There are more good articles on the Web every week than anyone could read in a month. Here are eight fascinating things I read this week.
A private equity firm uses a personality test to hire workers, finding it more effective than typical credentials:
One of Vista's best software salesmen used to be a roofer. Another previously worked at a Verizon store, and went to making $240,000 a year, from $22,000. In Iowa, a pizza deliveryman took the Vista aptitude test, got an A, and was offered a job paying $43,000 annually.
Not only are many of these workers less expensive than their better-credentialed peers, but to Mr. Smith, they are often more driven to succeed. And employing them, he believes, provides a social good.
A lot of people say we have a skills shortage. But ask American businesses, and what we really have is an effort shortage. Businesses say one of the greatest problems is finding punctual workers:
As one analyst sarcastically put it, basically nobody got into Stanford this year. There are a lot of good stats in this article:
Stanford received 42,167 applications for the class of 2018 and sent 2,138 acceptance notices, for a first-year class that, ultimately, will number about 1,700.
The University of California, Los Angeles, the national leader in applications, had more than 86,000 requests -- twice as many as in 2005 -- for space in a first-year class of about 6,000, and it also received 19,000 applications to transfer from other colleges and universities. This year, for the first time, the admission rate for first-year applicants at U.C.L.A. and the University of California, Berkeley, could drop below 20 percent.
The billionaire investor is planning to mention the website at Berkshire Hathaway's upcoming annual shareholders' meeting on May 3 as a low-cost alternative for shareholders who don't want to pay the jacked-up rates that Omaha hotels charge while the gathering is taking place every year ...
Mr. Buffett, who said he's a bit of a "mother bear [who] can get fierce about protecting shareholders," said in a recent interview he thought Airbnb could provide a cheaper option. "I want to protect my cubs, make sure shareholders are well taken care of," he said.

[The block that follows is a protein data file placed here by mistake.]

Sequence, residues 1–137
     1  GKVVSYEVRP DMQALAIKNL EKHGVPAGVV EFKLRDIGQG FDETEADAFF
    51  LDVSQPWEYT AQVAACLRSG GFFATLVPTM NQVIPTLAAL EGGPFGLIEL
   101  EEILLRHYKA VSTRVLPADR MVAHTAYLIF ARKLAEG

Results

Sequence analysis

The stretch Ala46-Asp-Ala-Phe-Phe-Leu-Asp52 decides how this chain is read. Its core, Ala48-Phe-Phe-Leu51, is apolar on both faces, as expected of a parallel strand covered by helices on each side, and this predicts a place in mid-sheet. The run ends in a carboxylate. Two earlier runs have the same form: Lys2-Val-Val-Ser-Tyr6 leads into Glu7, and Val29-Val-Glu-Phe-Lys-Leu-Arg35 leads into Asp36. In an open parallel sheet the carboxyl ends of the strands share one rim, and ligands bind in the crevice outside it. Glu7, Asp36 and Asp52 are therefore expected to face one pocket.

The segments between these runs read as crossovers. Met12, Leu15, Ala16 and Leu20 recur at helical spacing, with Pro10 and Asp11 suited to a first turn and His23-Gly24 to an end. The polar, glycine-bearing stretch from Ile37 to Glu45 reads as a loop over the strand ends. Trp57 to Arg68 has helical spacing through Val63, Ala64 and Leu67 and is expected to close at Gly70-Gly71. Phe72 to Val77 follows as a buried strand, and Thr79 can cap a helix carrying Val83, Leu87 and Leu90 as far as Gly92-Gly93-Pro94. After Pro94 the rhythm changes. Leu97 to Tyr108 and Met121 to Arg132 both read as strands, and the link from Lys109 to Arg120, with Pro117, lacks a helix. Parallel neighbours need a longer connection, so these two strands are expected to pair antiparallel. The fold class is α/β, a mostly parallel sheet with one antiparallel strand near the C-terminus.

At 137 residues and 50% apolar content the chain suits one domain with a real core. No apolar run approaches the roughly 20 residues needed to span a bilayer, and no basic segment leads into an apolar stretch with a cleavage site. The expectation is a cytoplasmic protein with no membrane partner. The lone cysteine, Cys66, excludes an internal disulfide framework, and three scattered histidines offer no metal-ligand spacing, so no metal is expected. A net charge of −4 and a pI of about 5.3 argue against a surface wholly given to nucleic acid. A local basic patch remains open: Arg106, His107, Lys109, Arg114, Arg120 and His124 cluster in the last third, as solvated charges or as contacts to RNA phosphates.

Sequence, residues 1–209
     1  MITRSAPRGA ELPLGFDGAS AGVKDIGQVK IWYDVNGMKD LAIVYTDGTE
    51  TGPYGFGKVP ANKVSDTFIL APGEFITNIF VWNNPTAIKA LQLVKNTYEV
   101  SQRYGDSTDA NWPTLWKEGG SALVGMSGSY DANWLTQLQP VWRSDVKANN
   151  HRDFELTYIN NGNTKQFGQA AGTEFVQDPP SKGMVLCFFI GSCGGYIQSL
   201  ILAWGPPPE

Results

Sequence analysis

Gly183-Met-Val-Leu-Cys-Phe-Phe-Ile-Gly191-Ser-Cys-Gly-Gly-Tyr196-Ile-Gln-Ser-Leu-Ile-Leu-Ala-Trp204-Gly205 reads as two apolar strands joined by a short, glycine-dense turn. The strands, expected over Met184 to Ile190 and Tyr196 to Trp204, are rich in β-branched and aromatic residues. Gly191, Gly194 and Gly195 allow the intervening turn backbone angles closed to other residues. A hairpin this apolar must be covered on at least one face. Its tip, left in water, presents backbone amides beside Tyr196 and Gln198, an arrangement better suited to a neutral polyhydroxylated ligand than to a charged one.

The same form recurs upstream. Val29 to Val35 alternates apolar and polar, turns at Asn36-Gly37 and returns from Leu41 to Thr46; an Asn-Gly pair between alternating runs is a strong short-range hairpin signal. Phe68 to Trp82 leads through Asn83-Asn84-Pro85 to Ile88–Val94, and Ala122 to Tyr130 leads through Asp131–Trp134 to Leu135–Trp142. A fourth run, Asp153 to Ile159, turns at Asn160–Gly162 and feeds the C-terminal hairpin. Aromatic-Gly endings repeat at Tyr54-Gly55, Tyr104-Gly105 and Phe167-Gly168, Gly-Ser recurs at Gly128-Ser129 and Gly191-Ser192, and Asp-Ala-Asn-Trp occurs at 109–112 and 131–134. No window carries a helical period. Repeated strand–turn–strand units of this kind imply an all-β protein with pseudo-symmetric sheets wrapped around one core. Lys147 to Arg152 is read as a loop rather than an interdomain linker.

Millennials -- those born between the early 1980s and early 2000s -- are viewed as a broke generation, drowning in student loan debt and a sour job market. But a lot of them are doing just fine:
A report from The Shullman Research Center, titled "Millionaires Have Their Own Generation Gap," found that 23 percent of today's millionaires are millennials. There are now about 5 million millennial millionaires. That's half as many as the boomers. But it's more than the older and more established Gen-Xers, who count only 4 million millionaires among their ranks.
Tracking your performance as an investor is really important. Amazingly, a lot of smart people don't do it. Here's recent Nobel Prize winner Robert Shiller:
Q: Do you think of yourself as someone smart enough to pick winners in the stock market?
A: Well, I actually think I'm smart enough to pick winners. I've always believed in value investing. Some stocks just get talked about, and people pay all sorts of attention to them, and everyone wants to invest in them, and they bid the price up and they are no longer a good buy. Other stocks, they are boring. There is no news about them -- they are making toilet paper or something like that -- and their price gets too low. So as a matter of routine, you buy low-priced stocks and sell high-priced stocks.
Q: What's your personal track record: Are you more up than down?
A: I have never done a personal analysis. I have to do that. But I believe that I've done well in timing the market, although not perfectly.
Many are thrilled at the prospects of America becoming energy independent. Some think that's a fantasy:
As the EIA explains at length here, you need to lay on a whole bunch of assumptions to get to zero net imports. Oil prices would have to stay high enough that companies find it profitable to seek out difficult deposits. Offshore fields in the Gulf Coast and elsewhere would need to have more recoverable oil than forecasters currently think -- and these areas still haven't been explored very thoroughly. Drilling technology would also need to continue to improve, with companies able to pack more wells closer together in oil and gas fields.
Some experts are skeptical that drilling productivity will keep improving so dramatically. Case in point: David Hughes, a geoscientist at the Post Carbon Institute, has argued that individual fracking wells are declining more quickly than people thought -- which will make it harder to increase overall production. Other energy analysts think that oil forecasting is more akin to astrology than science, and we shouldn't put much stock in any medium-term predictions of these sorts.
Satirical site The Onion writes about the job market of yesteryear:
According to a Gallup report published Tuesday, over 95 percent of the nation's grandfathers began their careers by walking straight into a place of business, saying "I'm the man for the job," and receiving a position right there on the spot. "I just went right up to the owner, looked him dead in the eye, and told him I was the person he was looking for," said 78-year-old William Chambers, whose story was nearly identical to accounts given by thousands of other grandfathers interviewed for the report, each of whom emphasized that they placed both their hands firmly on the businessman's desk, explained that they were "go-getters," and concluded by saying that, if hired, they would be the hardest worker the company had ever seen. "Right away, the fellow told me he liked my gumption, and then we sealed it all with a handshake. I had that job until the day I retired."
Enjoy your weekend.